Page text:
Melissa Broder's "De Forest Station"

De Forest Station

She was built with forest brain
so she would learn to say
I know nothing about forests.

It is the geniusest thing
a treehead girl can say
this I know nothing.

She tried to be a DDTberry.
She tried killsyrups.

She did not think another
treehead girl would ever come
but here they are
with matching forests.

Now there are two.
A map might be made.

Come canopy you
DDTberry killsyrup treeheads.

Let's action the kind word
tongue to tree.

Let us fertilize
root and branch.

Let us make map us
and learn to say help me.  

Help me help me help me
until we go fallow
clean to our unearthliness.

Let us say help me
until the cackle crows are stilled.

Help me help me help me
help me help me help me.

It is the heroist thing
a treehead girl can say

 

On "De Forest Sation"

"De Forest Station" is a poem from my collection, Meat Heart, that explores learning to live somewhat peacefully in the body through the help of a map. The map is channeled by other people's voices. Once you have the map you get to keep it, but only if you share it with others.

I don't know how I came up with the words "forest brain" and "treehead" for the protagonist. They felt like the right way to describe a human being who has a mind that is constantly in motion, growing. She suffers for it. A forest is beautiful and natural, but if it's growing in your brain it can feel like weeds.

So what does a treehead do? A treehead might try to poison that sensation of weeds in the brain with DDT and killsyrups. Unfortunately, the DDT and killsyrups take out all the good stuff too. She might get the silence she wants. But she's basically dead.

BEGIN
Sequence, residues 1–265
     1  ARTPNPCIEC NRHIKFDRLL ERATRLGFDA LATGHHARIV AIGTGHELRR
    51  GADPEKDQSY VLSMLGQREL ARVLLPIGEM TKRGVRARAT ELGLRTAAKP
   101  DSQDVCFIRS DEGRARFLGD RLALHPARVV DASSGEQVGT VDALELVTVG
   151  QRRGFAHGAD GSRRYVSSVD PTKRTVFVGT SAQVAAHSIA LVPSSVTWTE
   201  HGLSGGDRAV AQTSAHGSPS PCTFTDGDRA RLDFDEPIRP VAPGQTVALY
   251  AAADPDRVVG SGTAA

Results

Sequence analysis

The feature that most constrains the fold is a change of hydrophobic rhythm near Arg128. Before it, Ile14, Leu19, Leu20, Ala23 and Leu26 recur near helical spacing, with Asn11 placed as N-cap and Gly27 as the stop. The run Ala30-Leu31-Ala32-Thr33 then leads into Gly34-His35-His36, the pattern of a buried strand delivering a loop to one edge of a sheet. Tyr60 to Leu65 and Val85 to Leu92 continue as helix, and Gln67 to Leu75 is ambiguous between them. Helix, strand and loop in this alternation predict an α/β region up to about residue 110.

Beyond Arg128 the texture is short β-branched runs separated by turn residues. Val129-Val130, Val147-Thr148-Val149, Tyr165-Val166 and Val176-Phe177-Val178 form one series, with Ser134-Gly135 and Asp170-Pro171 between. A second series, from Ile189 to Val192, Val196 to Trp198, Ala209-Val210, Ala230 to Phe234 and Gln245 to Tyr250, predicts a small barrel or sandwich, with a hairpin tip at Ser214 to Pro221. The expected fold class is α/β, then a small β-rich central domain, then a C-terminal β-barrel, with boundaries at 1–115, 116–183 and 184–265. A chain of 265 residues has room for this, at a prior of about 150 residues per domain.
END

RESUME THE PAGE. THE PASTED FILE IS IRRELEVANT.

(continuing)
So it's really a miracle when another treehead girl comes along. Our treehead girl is surprised to find that there is another person who shares her forest malady. Since there are two of them, they are able to work together—compare heads—and make a map. At this point in the poem the narrative voice switches from third person to second person, because they're a band of treeheads now. Also, I'm a treehead girl too and I wanted to be included.

The structure of the poem is nothing formal—I just broke the stanzas where I felt they should break. Each stanza has an endstop. The poet Natalie Lyalin does this often in her work, particularly in Pink and Hot Pink Habitat (Coconut), which I read shortly before I wrote this poem. I adore that book.

If you're a treehead you need your other treeheads around. When the forest gets thick you can look at them and remember the map. You can share the map and see that it works. There is that joy of maintaining a beginner's mind. For treeheads it's a necessity. Learning to say I know nothing and I need help is the whole point of everything—at least in this poem.


* * *

Poem reprinted with the rights of the author. All rights reserved.

 

 

 
 

Continue browsing In Their Own Words